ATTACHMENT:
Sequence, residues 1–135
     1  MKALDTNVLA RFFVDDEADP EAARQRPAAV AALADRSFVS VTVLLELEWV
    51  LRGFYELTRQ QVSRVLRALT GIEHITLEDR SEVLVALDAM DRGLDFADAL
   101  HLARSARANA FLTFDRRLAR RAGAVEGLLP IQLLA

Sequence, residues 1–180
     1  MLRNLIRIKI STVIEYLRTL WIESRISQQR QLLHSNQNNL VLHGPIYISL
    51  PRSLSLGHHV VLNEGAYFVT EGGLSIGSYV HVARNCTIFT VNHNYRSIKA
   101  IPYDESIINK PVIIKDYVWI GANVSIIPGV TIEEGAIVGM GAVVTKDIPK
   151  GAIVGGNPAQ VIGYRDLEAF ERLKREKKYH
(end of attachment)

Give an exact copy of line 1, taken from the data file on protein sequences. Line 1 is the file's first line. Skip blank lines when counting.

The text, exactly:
Sequence, residues 1–135